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inciteXchange: Ten Months Pregnant and Staring Into a Stranger's Eyes

Ask just about anyone who was sitting among the audience in Temple University's Alter Hall Auditorium last Friday to describe the day's most unexpected moment, and you'll probably get the same story: It was mid-afternoon, and a local educator by the name of Jasmine "Minista Jazz" Cook waddled slowly to center-stage. She held onto her incredibly pregnant belly with both hands, and then lowered herself -- ever so slowly -- onto a wooden chair. She had been pregnant for 10 months, she told us, and was having contractions every 10 minutes. The crowd gasped. She asked for the house lights to be dimmed. Then she told everyone in the room to pick a partner -- preferably a stranger -- and to stare into that partner's eyes for the next ten minutes, without speaking.

By the time Cook's speech came to a close, and she explained the purpose behind her exercise, a palpable energy had overtaken the room. She left the stage to a roaring round of applause.  

"It's my belief," she explained, "that passion is the very fabric of life. And that human connection is the thread that holds that fabric together."  Keep that in mind when you create your products and your services, she told the audience. Remember that everything you're creating is for people.         

Cook's presentation, as it turned out, was just one of the many eye-opening experiences that took place during the daylong event -- a sort of idea-sharing conference for technology and design innovators who do, in fact, build life-changing products and services for people. Known as inciteXchange, and organized by the Center for Design and Innovation at Temple's Fox School of Business, this was only the annual event's second year. And yet throughout the day's eight hours, an incredibly varied group of 14 professionals -- all of them working at the furthest fringes of innovative technology, architecture, design and more -- shared dozens of ideas about the specific work their industries are doing to create solutions for the many pressing urban problems we face today.  

Consider, for instance, the quick presentation given by Drew Becher, the President of the Pennsylvania Horticultural Society: Wearing a tie the color of green grass, Becher shared the stories of beautification projects he'd instituted around the country, often on impossibly small shoestring budgets. There was Chicago, for instance, where his willingness to suggest unconventional ideas to Mayor Daley won him an influential job, and helped to change the public's perception of Chicago as a dirty city. He did similar work as a student at the University of Cincinnati, employing cheap solutions to obvious ecological problems. One of his current goals involves building the same level of national significance for Philadelphia's Flower Show as that enjoyed by New York's Fashion Week, or Miami's Art Basel event.  

One of the event's other few speakers who works well outside the tech and design fields was Gary Steuer, Philadelphia's Chief Cultural Officer. "We're in something of a Dickensian 'best of times, worst of times' period right now in Philadelphia," he offered, before sharing with the audience a very telling list of arts-related facts and statistics. Put together, all of them pointed toward his belief that "arts, culture and creative enterprise are part of the solution" to the urban and economic problems we're facing in Philly today. "I travel all over the country for my job," he added, "and increasingly, there's a buzz about Philadelphia. And we need to make sure we keep that going."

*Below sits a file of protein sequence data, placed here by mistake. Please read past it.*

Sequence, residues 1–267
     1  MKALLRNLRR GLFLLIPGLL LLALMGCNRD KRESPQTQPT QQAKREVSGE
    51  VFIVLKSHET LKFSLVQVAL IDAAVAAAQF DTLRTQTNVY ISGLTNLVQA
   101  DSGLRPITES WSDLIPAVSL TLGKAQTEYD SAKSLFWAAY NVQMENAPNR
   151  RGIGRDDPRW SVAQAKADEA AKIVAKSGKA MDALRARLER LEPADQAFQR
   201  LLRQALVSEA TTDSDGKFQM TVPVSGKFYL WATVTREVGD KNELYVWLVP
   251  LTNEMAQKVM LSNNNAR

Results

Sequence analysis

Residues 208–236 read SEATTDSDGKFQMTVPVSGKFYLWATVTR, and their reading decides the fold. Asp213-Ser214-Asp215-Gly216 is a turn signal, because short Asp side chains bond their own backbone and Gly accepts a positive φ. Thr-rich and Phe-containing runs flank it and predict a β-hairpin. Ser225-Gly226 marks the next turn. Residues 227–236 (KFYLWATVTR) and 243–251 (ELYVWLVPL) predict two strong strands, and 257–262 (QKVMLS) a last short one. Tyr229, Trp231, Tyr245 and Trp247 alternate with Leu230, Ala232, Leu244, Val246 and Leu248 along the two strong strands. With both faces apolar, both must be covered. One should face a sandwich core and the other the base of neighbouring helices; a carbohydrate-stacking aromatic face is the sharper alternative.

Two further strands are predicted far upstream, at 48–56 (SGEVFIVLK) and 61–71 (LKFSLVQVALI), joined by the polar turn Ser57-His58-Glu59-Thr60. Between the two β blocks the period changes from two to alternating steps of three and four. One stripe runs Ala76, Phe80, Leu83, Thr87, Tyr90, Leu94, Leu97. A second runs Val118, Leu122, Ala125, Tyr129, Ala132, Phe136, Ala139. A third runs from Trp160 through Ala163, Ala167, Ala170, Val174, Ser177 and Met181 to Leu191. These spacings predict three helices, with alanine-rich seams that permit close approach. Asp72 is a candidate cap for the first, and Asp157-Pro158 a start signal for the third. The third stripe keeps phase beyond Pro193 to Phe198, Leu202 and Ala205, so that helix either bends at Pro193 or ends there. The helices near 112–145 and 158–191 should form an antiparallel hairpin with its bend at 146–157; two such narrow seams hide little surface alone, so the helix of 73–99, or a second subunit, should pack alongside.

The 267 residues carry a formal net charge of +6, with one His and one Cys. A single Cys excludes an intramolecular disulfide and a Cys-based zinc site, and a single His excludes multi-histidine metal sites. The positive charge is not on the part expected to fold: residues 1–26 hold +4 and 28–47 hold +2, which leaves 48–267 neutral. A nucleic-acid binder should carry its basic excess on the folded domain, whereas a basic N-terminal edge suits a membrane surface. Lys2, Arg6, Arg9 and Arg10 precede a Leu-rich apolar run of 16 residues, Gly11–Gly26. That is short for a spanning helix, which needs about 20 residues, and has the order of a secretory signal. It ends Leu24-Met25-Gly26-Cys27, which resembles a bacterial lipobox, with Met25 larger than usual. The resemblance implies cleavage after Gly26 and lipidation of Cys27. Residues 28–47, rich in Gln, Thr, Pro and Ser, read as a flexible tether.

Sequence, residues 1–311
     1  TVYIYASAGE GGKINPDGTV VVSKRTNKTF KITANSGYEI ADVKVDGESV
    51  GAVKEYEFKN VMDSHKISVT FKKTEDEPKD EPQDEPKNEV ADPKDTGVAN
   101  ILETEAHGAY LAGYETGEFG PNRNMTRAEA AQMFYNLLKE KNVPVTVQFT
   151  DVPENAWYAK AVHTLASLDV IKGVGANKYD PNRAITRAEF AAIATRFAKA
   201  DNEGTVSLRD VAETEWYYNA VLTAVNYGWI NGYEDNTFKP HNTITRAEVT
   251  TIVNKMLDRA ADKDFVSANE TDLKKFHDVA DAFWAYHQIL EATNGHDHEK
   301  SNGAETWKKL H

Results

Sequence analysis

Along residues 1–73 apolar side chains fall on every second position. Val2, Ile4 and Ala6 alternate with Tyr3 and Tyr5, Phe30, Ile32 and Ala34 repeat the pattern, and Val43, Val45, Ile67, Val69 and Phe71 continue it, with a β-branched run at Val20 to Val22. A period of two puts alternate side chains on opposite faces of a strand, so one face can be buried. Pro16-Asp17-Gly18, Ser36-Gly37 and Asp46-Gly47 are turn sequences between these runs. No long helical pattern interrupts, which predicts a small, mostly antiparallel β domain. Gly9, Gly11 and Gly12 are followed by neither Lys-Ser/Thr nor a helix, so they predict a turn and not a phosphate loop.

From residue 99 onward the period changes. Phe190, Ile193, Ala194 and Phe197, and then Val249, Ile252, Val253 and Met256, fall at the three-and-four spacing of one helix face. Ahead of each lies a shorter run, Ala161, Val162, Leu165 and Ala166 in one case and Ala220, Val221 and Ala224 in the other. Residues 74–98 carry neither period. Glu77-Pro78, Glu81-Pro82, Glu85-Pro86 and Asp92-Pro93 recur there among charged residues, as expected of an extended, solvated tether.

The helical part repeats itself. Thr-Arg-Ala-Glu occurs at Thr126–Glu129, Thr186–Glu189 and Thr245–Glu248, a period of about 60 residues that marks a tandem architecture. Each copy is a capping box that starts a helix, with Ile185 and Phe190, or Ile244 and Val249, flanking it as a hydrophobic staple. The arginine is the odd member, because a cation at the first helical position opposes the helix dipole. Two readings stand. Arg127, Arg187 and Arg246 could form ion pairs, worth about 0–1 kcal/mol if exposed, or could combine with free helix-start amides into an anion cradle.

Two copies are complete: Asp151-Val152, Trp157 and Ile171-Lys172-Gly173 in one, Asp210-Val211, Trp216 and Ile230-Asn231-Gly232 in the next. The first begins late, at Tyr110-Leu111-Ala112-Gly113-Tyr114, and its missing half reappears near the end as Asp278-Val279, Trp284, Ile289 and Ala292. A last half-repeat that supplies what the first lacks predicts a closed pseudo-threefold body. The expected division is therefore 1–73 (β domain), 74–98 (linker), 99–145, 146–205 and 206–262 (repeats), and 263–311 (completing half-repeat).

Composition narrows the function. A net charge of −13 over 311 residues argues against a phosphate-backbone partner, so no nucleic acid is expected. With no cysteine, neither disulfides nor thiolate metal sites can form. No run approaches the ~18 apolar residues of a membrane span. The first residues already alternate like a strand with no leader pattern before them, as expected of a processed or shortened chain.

Thank goodness, then, for boundary-pushing locals like Mark Headd, a self-described "developer evangelist" who works with Voxeo Labs, and who spoke about his belief in the power of phones -- which he calls "the perfect technology" -- to entirely transform the lives of those who live in cities. Or for that matter, designers like Jonathan Jarvis, a Design Director at Google's Creative Lab in New York, who spoke about his work with video and design, which he uses to make complex ideas easier to understand.  

And yet perhaps even more exciting than the vision of the urban future shared by the 14 speakers at inciteXchange is the fact that many of the technologies they discussed are already being built. On Feb. 16, for instance, during the Temple Design Week that precedes the inciteXchange event each year, a civic business incubator known as the Urban Apps & Maps Studio was launched. Going forward, software applications developed at the studio will specifically address various urban problems that Philadelphia is currently facing. In fact, a decent number of those applications were first presented as little more than ideas during last year's inaugural inciteXchange event.

"I really think there are a growing number of people -- cutting-edge practitioners and academic researchers and so on -- who are really transcending traditional boundaries," said Fox School of Business Professor Youngjin Yoo, who co-organized Temple's Design Week, as well as the inciteXchange event. "I think they're driven by the core ideas of what they're trying to accomplish. And over time, they realize they really need to move beyond what an architect is supposed to do, or what a business school professor is supposed to do."  

DAN ELDRIDGE is a cultural reporter and travel journalist based in Philadelphia. Visit him on Twitter: @PittsburghGuide and @YoungPioneers. Send feedback here.
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